Taking from Desmond Pitcher and giving to Poplar Joe: Labour's big idea?


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Labour plans to impose a windfall tax on privatised-industry fat- cats to finance a pounds 3bn programme to take 250,000 unemployed young people off the dole were condemned out of hand by the Chancellor of the Exchequer yesterday.

Last night, as Parliament entered its final pre-election stages, the Government suffered further parliamentary humiliation after a determined guerrilla force of former Law Lords, Liberal Democrats and Tory and Labour rebels, forced Michael Howard, the Home Secretary, to accept defeat on a key section of his controversial Crime (Sentences) Bill.

After peers led by Lord Ackner, a former Law Lord, had defied a "Satanic agreement" struck between Mr Howard and Jack Straw, the Labour spokesman, to give the Government a chance to defeat a key Lords amendment on judicial discretion in sentencing, the Government agreed to let the amendment stand.

Earlier, at the start of the first full day of election campaigning, Tony Blair warned that the Government's do-nothing policy on long-term unemployment threatened to create an alienated underclass.

"If the Conservatives had come up with proposals such as this," he told a press conference, "people would have said, 'This is a revolution'." A Labour brief on the job-creation policy said: "We must never again see a generation of people abandoned, to earn nothing and learn nothing."

But Mr Clarke said last night: "The latest windfall tax fiasco again shows that Labour are not fit to govern. Instead of saying which companies would pay the windfall tax, Labour are playing an absurd game, giving journalists a clue and daring them to work out the answer for themselves. This is no way to run a tax policy.

"Labour's refusal to come clean on which companies would be hit and how heavily, leaves millions of shareholders and pensioners in the dark. Without this basic information, people have no chance of working out how the windfall tax would hit their own investments or pensions.

"The conclusion from Labour's windfall-tax fiasco is clear: you can't trust a shadow Chancellor who refuses to answer the key questions on tax."

Gordon Brown, the shadow Chancellor, announced at Labour's election press conference that Mr Blair would be appointing a new Cabinet minister with responsibility for employment, which would include Social Chapter negotiations with European partners.

The party also prompted the Chancellor's outrage by delivering its first list of candidates for the one-off pounds 3bn windfall levy, which could apply to British Telecom, water, gas and electricity companies, the British Airports Authority and privatised railway companies, but not British Airways. Mr Clarke pounced on the fact that Labour's list was optional and demanded to know which companies would pay the tax.

He also attacked the principle of Labour's job-creation package, saying: "Gordon Brown says he will create 250,000 jobs by a one-off tax. That is a dreadfully old-fashioned method of claiming to create jobs.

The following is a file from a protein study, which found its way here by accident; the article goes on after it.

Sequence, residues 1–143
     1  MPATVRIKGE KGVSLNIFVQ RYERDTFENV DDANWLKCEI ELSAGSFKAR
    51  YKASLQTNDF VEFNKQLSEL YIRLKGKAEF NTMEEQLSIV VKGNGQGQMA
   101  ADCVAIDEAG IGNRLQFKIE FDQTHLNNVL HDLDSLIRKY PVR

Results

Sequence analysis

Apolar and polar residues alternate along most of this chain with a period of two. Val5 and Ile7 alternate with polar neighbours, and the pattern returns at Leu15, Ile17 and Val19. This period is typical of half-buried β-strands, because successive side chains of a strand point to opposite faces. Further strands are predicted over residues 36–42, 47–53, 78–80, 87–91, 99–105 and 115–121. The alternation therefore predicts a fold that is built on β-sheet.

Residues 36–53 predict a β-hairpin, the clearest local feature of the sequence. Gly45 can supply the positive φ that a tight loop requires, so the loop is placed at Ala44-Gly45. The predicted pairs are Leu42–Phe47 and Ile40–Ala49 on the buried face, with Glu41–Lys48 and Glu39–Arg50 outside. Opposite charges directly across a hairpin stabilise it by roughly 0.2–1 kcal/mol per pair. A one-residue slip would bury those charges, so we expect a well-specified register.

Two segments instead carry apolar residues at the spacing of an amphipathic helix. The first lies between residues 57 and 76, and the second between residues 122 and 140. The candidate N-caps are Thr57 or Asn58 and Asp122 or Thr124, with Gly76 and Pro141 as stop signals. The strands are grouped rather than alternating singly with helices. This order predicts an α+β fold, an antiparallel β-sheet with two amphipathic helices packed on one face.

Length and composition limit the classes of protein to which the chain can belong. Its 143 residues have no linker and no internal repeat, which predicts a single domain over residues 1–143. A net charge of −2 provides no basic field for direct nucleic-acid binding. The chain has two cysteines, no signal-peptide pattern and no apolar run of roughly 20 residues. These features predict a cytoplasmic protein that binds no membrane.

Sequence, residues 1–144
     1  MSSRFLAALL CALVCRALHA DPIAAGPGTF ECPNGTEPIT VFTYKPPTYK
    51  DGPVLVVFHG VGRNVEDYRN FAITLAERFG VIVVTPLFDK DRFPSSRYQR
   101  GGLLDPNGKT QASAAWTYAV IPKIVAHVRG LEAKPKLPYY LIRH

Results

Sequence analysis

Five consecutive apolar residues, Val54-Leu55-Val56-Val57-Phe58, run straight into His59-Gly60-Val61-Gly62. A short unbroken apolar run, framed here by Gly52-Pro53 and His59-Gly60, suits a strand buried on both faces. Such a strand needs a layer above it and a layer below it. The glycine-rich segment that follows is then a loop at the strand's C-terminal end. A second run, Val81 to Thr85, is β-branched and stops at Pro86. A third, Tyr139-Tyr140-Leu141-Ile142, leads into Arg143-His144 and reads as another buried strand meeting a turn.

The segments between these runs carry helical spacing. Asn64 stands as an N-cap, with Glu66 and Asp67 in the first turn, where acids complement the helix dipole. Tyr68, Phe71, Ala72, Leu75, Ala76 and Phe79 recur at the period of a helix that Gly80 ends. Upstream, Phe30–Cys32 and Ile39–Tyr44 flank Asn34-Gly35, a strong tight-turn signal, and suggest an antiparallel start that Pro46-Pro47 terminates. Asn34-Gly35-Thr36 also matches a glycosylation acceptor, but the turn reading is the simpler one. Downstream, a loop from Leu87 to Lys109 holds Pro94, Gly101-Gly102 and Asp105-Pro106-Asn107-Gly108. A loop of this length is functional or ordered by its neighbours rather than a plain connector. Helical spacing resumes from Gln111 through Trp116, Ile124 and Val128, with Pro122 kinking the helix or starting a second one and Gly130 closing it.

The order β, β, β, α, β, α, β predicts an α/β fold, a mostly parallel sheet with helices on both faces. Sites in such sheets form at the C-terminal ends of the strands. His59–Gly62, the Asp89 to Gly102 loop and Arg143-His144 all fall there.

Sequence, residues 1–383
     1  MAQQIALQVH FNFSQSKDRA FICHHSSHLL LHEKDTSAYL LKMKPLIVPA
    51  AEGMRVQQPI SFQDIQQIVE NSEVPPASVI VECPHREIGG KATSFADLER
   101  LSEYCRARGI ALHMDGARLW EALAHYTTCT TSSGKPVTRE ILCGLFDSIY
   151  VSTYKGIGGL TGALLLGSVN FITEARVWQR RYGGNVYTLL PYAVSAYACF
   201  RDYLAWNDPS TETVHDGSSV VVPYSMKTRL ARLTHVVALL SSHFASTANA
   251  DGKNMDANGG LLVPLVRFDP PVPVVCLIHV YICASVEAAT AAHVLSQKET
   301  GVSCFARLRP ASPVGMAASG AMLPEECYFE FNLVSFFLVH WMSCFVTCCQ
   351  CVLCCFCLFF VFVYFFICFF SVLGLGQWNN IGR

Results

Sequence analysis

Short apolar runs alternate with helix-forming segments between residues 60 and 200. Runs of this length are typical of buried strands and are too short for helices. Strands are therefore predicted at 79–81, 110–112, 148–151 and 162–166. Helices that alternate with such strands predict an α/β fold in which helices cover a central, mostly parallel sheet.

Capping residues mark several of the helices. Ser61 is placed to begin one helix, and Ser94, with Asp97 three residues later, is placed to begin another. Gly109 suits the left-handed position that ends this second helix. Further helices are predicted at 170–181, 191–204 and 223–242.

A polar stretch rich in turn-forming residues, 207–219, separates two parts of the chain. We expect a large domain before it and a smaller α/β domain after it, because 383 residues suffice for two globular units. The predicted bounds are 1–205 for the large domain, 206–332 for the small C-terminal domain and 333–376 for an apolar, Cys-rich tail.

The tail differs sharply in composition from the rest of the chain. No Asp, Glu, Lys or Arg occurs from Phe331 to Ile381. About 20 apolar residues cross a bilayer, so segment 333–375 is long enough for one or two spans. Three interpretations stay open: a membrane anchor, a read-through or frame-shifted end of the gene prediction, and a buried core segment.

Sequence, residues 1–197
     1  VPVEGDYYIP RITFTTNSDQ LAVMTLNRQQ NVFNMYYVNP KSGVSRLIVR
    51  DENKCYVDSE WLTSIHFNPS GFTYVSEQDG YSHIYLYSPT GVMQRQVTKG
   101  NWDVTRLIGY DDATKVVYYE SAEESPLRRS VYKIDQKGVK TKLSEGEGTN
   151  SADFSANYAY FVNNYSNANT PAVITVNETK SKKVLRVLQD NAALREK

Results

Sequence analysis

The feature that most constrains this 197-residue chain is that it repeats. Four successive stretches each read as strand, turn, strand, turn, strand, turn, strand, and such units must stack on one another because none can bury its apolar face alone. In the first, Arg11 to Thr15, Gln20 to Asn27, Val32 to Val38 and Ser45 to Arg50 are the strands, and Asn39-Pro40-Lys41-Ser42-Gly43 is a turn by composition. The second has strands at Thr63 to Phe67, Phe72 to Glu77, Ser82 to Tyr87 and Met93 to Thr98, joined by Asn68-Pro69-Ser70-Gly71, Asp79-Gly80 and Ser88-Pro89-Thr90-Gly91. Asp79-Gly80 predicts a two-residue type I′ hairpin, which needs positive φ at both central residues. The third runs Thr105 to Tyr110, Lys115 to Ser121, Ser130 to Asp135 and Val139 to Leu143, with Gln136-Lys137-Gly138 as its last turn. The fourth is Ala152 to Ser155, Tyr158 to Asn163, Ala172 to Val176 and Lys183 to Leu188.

"Since the day when Gordon Brown first promised to create 250,000 places on schemes for young people, we have seen 400,000 extra jobs created in the enterprise economy."

The Chancellor said unemployment had been reduced by almost 1 million since its December 1992 peak, but was unable to tell The Independent whether unemployment had risen or fallen since Mr Major became Prime Minister in 1990.

Unemployment was 1,778,000 in November 1990, when Mr Major took office, and it had not fallen below that figure since.

Later, Ian McCartney, Labour's employment spokes- man, said: "The truth is that the only jobs Tory ministers really care about are their own."

In a prepared statement on economic policy, Mr Clarke said at his press conference: "Today, Britain is booming, without going bust.

"We have unlocked Britain's potential and over the next five years we intend to make sure Britain realises that potential ...

"By contrast, Labour's great leap backwards into social democracy would put Britain's future at risk.

"It would be an escape from reality, a holiday from history which this nation cannot afford."

Later, Mr Blair used Commons question time to tackle Mr Major on health- authority deficits. Mr Blair said it was a "tragedy and a disgrace" that after 18 years of Tory rule, waiting-lists were up, hospitals were suffering from cash and staff shortages and non-emergency surgery was being cancelled.

The Prime Minister said only the Tories were committed to increasing funding, year-on-year, and added: "Labour may have set up the health service but we have built it up."

Labour later issued a list of nine health authorities for which the Conservatives' claimed "real growth" in budgets for 1997-98 would not cover the 1996- 97 deficit.

The authorities were: Bradford; Ealing, Hammersmith and Hounslow; Leeds; North and East Devon; North Cumbria; North Essex; Wakefield; West Surrey; and Wiltshire.

Mr Major said Labour's figures were blown out of all proportion, that the forecast deficit was a small proportion of the overall NHS budget.

The last Prime Minister's Question Time of the Parliament will be staged tomorrow, with the current Parliament rising for good on Friday.